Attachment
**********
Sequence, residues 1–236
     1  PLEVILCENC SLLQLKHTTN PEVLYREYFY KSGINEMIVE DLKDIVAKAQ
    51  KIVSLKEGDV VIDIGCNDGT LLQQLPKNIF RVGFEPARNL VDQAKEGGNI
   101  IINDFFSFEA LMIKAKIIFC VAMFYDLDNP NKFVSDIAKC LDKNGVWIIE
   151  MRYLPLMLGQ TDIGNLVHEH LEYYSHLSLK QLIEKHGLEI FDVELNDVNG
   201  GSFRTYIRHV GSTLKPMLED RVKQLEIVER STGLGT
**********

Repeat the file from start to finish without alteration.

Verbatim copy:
Sequence, residues 1–236
     1  PLEVILCENC SLLQLKHTTN PEVLYREYFY KSGINEMIVE DLKDIVAKAQ
    51  KIVSLKEGDV VIDIGCNDGT LLQQLPKNIF RVGFEPARNL VDQAKEGGNI
   101  IINDFFSFEA LMIKAKIIFC VAMFYDLDNP NKFVSDIAKC LDKNGVWIIE
   151  MRYLPLMLGQ TDIGNLVHEH LEYYSHLSLK QLIEKHGLEI FDVELNDVNG
   201  GSFRTYIRHV GSTLKPMLED RVKQLEIVER STGLGT